Your busy. You’ve got stuff to do. Here’s Git aliases in 5 minutes.
That’s right! A colleague recently showed me these and I didn’t know they even existed. Mostly, if I wanted to have an alias (certainly on Linux), I would use the
alias command, but this might be useful if you don’t have that feature on your OS.
You create aliases using
git config -global alias. like this:
$ git config --global alias.co 'commit -m'
The part after the
alias. is the name of the alias, and the rest of the line is what it will be replaced with. In this example, we’ve created an alias which let’s us do this:
$ git co 'A new commit message'
As you can see, the
co is replaced with
commit -m, making it equivalent to:
$ git commit -m 'A new commit message'
It’s also possible to use git aliases to run commands using the exclamation mark character. This is an example:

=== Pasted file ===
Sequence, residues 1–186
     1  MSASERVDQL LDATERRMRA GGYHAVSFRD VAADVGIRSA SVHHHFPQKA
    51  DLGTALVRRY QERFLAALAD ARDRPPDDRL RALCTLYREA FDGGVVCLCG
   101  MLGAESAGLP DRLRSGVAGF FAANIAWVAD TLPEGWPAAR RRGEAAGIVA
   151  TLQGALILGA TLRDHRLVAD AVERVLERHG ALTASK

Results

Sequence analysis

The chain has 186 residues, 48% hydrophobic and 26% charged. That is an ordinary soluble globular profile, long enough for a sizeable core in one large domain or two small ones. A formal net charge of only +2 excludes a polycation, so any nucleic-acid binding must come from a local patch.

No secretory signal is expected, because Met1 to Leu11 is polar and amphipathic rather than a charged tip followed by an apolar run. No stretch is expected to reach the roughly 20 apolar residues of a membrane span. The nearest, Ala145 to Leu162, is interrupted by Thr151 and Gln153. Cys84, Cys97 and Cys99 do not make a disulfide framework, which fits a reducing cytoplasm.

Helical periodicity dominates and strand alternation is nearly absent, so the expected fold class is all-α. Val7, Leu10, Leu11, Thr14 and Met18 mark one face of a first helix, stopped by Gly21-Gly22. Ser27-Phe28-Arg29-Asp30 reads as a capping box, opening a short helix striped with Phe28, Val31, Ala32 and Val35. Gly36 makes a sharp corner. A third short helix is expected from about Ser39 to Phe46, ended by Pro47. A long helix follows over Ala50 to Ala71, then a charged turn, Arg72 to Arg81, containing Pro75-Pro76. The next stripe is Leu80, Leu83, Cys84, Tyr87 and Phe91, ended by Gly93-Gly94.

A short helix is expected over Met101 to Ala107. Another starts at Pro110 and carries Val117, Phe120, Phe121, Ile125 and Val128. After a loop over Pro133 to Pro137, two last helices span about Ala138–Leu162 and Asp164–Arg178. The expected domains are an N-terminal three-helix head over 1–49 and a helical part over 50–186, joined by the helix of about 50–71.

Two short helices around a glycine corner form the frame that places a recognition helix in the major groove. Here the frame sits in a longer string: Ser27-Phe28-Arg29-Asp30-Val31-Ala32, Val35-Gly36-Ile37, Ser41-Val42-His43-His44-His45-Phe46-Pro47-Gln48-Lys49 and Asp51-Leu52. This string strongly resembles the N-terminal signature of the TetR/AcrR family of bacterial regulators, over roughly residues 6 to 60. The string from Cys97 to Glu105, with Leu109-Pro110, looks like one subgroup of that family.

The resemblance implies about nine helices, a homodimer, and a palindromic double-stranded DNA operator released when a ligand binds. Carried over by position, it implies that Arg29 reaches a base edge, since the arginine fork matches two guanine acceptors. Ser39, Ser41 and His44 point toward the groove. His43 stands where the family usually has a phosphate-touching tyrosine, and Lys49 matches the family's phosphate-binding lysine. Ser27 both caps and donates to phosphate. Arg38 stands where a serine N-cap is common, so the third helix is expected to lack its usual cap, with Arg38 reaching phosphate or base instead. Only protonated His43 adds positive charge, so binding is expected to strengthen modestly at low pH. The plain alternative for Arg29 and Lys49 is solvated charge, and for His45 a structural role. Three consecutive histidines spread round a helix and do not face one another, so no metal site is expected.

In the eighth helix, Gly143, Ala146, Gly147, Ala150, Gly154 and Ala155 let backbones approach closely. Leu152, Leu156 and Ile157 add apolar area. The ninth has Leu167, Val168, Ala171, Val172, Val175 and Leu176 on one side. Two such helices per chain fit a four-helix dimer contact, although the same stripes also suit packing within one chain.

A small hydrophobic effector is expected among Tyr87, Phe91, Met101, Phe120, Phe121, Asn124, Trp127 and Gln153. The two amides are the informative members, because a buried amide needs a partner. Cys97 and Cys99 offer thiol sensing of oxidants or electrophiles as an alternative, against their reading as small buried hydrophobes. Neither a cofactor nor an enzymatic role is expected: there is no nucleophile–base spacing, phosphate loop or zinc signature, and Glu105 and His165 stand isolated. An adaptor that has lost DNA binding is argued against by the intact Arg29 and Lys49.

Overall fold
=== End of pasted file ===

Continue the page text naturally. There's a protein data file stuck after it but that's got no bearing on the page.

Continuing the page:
$ git config -global alias.rgi '!rm .gitignore'
Very contrived, I know, but this command (rgi = remove git ignore) will delete the
.gitignore from the current directory.
This example is a little more useful. If you are sharing a server account (eek!?) and your colleague and yourself are both using it to commit changes to a repo, you will want to switch identities each time. You could do that with a normal alias, or as in this case, use git. Here’s how:
$ git config -global alias.me '!git config -global user.name "Stephen Moon" ; git config -global user.email firstname.lastname@example.org'
Now, I can switch accounts with this:
$ git me
Switch out the name an email address with your own, and you will be good to go.
Are you wondering where these aliases end up? Take a look at the file
.gitconfig in your home directory and you can see the entries under an
Hi! Did you find this useful or interesting? I have an email list coming soon, but in the meantime, if you ready anything you fancy chatting about, I would love to hear from you. You can contact me here or at stephen ‘at’ logicalmoon.com